Reprinted from Bloomberg Law byHassan Kanu on June 22, 2018.
The National Labor Relations Board will soon offer buyouts and early retirement to eligible staffers in its regional offices and headquarters in Washington, D.C., according to an agency e-mail obtained by Bloomberg Law.
The move is likely to continue or accelerate the board’s trend toward a smaller footprint. Congress hasn’t increased the NLRB’s funding in at least four years, and agency staff has decreased significantly through attrition since 2002. The agency’s Republican leadership has been operating under an effective hiring freeze.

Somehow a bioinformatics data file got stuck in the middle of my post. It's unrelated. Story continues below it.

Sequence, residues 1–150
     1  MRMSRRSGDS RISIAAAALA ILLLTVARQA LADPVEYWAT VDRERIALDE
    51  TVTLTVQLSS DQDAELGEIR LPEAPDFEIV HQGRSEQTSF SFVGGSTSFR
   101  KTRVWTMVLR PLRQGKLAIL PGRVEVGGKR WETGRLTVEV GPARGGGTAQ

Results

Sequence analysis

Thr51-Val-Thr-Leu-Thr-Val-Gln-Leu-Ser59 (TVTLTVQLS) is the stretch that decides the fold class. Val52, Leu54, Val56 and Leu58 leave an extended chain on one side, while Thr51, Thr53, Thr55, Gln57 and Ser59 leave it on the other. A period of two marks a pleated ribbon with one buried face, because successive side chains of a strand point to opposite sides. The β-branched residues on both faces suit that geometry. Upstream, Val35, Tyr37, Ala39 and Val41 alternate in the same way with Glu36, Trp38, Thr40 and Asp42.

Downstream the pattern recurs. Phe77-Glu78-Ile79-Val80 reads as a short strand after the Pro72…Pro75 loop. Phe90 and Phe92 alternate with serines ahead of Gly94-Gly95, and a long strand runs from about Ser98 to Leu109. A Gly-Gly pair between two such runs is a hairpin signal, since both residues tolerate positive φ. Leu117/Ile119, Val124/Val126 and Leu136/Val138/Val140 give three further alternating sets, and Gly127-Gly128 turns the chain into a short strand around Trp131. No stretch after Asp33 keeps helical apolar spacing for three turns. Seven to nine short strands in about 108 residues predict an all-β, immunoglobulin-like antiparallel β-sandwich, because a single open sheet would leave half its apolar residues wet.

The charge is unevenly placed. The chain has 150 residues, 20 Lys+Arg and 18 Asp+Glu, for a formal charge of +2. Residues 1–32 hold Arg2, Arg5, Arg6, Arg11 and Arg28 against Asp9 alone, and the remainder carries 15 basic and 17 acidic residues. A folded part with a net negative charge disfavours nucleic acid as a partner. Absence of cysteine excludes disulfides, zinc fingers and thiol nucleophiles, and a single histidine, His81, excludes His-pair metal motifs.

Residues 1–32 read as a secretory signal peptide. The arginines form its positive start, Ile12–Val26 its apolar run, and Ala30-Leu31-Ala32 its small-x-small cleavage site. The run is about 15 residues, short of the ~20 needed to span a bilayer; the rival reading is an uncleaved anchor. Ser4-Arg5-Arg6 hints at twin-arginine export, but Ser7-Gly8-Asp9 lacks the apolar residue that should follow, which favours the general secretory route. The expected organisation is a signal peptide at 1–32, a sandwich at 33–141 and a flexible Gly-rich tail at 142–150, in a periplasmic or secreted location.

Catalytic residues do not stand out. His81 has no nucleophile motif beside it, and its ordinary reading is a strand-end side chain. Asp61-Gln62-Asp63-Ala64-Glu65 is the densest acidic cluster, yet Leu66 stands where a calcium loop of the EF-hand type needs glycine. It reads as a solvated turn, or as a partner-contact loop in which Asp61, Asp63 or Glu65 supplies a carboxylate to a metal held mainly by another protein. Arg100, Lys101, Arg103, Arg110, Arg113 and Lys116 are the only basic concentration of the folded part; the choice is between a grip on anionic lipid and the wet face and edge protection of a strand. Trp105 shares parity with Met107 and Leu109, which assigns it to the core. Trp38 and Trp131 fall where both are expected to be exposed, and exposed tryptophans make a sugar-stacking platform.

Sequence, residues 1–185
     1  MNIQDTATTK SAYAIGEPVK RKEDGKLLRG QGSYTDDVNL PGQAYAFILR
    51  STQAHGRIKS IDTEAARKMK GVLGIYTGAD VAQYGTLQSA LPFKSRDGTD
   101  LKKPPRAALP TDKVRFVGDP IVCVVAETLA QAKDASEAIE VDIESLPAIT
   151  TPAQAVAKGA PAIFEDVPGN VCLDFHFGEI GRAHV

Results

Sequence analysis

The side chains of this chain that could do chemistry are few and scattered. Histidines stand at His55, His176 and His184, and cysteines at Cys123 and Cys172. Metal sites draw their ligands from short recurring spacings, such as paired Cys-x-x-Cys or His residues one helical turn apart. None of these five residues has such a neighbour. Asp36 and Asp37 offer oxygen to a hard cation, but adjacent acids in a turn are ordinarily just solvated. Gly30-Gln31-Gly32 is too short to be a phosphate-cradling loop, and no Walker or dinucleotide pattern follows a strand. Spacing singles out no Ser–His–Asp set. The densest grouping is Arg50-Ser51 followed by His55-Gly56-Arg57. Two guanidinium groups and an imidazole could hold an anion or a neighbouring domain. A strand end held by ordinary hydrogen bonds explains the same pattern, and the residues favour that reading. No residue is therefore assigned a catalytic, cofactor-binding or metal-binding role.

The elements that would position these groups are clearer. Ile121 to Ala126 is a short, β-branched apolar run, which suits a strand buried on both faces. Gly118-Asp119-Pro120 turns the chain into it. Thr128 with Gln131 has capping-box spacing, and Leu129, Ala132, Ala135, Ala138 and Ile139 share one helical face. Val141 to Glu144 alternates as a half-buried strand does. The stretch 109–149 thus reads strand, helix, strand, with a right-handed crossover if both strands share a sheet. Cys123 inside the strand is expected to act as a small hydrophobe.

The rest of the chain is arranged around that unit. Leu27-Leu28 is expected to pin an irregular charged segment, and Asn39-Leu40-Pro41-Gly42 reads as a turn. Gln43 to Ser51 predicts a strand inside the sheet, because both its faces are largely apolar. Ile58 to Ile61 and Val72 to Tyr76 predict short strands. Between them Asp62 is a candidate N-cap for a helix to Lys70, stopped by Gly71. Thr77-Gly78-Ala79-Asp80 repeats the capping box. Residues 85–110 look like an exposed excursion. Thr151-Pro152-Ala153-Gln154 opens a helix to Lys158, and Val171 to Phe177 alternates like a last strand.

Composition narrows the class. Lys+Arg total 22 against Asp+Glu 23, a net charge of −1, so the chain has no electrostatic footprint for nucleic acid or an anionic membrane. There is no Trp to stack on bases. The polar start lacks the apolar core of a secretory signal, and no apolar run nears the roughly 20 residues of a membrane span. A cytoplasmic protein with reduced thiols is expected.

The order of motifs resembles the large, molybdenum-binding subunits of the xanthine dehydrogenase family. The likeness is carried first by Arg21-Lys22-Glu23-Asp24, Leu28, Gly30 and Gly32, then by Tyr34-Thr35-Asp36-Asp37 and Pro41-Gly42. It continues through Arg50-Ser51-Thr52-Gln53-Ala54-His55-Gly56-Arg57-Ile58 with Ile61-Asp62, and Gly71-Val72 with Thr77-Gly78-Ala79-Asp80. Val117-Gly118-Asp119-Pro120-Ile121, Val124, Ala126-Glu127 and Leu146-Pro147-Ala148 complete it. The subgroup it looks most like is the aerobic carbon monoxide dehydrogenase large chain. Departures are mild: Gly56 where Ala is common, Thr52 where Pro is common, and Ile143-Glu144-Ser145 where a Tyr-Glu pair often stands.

The federal labor board safeguards employees’ rights to organize and decide whether to have a union in their workplace. It also adjudicates unfair labor practices committed by private sector employers and unions. The board’s roughly 26 regional offices are another avenue for businesses, unions, or individual workers to seek a remedy for unfair workplace practices. …